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2010-11 CDWL Class
During this academic year, I have had the privilege of being in the 3rd class of the Career Development for Women Leaders (CDWL) Program. Presented by the Women’s Health Center of Excellence for Research, Leadership, Education (WHCOE), it is modeled after national programs for women in academic medicine. This program is cross-campus and included 6 faculty from the Reynolda Campus. Sessions were held monthly since September. At each session we explored a different topic, each facilitated by a wide range of national and local experts. Those of you who have participated in some of the Women’s Forum programs would recognize Sara King, from the Center for Creative Leadership, Donna Stringer, who works with the Gatekeepers program on this campus and our very own Andrea Ellis, from the WFU PDC.
Over the months we explored communication and leadership styles, career planning, being heard at the leadership table, conflict management, mediation, negotiation, finance, media training and diversity. We completed a 360 assessment and the Myers Brigg Type Indicator (MBTI). The curriculum was challenging and thought provoking. It required a great deal of self-exploration and questioning of long-held assumptions.
If anyone is interested in seeing specific class materials, just stop by my office. There is a wealth of materials and perhaps some ideas for future professional development programs and retreats in ZSR. For instance, at last fall’s RITS retreat, the rope knot exercise was one of the activities I learned in this program! And because it is fresh in my mind from today’s diversity class, I’d like to share two videos: the first is a Ted Talk by Chimamanda Adichie entitled The Danger of a Single Story and the second is call “The Lunch Date.”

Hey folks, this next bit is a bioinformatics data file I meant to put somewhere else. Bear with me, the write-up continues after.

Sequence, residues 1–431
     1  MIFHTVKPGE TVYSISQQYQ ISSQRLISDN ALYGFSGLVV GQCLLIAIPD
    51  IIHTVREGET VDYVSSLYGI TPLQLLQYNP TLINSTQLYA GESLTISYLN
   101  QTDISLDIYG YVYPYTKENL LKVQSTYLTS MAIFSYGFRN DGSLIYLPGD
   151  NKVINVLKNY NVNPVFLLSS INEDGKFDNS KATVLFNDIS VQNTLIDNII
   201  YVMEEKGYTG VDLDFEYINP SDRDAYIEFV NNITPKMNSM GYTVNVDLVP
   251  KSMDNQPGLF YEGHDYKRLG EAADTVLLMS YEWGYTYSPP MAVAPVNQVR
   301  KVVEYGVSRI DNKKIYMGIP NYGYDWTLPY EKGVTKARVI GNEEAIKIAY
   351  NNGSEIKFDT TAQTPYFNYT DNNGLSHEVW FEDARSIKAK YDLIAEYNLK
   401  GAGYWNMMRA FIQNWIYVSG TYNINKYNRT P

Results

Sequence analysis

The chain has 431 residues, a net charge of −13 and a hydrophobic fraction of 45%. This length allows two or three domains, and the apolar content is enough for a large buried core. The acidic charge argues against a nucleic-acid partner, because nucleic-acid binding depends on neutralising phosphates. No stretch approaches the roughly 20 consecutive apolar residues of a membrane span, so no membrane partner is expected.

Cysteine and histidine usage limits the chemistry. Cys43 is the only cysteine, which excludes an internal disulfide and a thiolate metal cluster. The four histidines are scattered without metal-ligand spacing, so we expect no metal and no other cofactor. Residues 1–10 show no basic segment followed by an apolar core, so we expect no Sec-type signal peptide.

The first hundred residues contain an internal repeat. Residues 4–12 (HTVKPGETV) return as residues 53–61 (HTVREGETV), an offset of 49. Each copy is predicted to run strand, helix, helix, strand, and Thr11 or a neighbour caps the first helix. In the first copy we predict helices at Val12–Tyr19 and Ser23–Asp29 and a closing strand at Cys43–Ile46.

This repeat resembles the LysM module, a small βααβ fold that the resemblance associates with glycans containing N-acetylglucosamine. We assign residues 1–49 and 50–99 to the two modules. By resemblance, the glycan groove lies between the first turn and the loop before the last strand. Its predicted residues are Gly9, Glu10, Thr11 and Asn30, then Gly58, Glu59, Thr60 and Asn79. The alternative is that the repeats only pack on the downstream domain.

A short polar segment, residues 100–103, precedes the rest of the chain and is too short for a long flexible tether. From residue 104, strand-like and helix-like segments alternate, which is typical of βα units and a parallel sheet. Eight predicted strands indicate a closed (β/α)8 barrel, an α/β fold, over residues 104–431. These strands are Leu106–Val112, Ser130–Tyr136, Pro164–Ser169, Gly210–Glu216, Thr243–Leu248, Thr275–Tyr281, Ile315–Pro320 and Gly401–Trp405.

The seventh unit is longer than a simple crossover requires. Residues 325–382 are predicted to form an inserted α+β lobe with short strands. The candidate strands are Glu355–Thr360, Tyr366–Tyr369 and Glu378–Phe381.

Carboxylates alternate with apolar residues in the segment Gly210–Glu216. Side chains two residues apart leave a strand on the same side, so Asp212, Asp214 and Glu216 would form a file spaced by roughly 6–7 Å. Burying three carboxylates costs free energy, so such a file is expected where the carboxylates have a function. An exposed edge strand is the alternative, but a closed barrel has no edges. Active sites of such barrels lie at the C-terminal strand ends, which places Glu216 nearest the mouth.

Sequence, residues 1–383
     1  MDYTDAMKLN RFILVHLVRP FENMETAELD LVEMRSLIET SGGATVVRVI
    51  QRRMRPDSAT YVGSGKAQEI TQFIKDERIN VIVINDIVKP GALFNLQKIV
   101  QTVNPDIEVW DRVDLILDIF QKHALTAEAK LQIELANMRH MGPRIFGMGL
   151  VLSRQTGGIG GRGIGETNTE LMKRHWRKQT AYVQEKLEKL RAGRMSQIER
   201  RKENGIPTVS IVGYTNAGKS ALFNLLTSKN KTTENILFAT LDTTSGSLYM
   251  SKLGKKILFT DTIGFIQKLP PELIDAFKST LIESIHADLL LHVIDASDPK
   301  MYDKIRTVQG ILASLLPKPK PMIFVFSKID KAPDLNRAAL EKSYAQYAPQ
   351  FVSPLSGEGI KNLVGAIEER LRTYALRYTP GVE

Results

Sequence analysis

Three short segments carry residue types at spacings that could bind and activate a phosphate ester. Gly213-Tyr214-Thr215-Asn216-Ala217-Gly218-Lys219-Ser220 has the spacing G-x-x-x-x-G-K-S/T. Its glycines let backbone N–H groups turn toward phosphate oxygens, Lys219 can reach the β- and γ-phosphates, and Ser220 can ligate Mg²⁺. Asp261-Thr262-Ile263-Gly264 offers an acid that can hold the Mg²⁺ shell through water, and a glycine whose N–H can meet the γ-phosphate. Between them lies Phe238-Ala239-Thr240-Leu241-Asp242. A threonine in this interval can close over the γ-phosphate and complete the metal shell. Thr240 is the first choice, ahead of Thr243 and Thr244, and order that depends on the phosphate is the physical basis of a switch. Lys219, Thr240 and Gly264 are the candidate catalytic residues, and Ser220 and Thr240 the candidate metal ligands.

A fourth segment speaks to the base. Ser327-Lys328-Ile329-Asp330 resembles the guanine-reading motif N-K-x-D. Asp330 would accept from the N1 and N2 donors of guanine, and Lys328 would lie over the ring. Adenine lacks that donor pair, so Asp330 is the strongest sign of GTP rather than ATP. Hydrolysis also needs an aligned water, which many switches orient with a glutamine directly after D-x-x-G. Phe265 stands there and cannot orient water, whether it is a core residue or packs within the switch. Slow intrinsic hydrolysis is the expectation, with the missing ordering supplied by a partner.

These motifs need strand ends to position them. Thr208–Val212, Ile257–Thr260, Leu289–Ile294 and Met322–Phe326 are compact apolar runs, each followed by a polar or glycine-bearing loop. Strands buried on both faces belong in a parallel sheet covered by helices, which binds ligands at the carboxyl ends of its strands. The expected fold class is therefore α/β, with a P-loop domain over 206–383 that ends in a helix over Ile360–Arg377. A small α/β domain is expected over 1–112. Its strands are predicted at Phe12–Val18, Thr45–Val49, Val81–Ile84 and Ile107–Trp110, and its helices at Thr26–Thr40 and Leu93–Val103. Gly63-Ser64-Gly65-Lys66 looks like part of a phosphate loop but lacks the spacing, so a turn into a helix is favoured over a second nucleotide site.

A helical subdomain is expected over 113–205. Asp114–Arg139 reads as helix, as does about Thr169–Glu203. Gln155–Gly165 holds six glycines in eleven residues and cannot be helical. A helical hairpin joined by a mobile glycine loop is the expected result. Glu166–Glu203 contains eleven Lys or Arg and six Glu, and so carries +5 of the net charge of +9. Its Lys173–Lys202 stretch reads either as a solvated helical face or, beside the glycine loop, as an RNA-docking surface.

My classmates are amazing women. The majority of participants are from the Medical campus and are talented medical professionals both in research and practice. The Reynolda campus members included Mary Dalton, Jacqui Carrasco, Donna Henderson, Sherry Moss and Sarah Raynor. It was wonderful to form a new network of WFU colleagues and I have to say that I learned as much from these accomplished women leaders as I did from the formal curriculum.
This has been a most valuable experience and I know I will continue to benefit from it in both my professional and personal lives.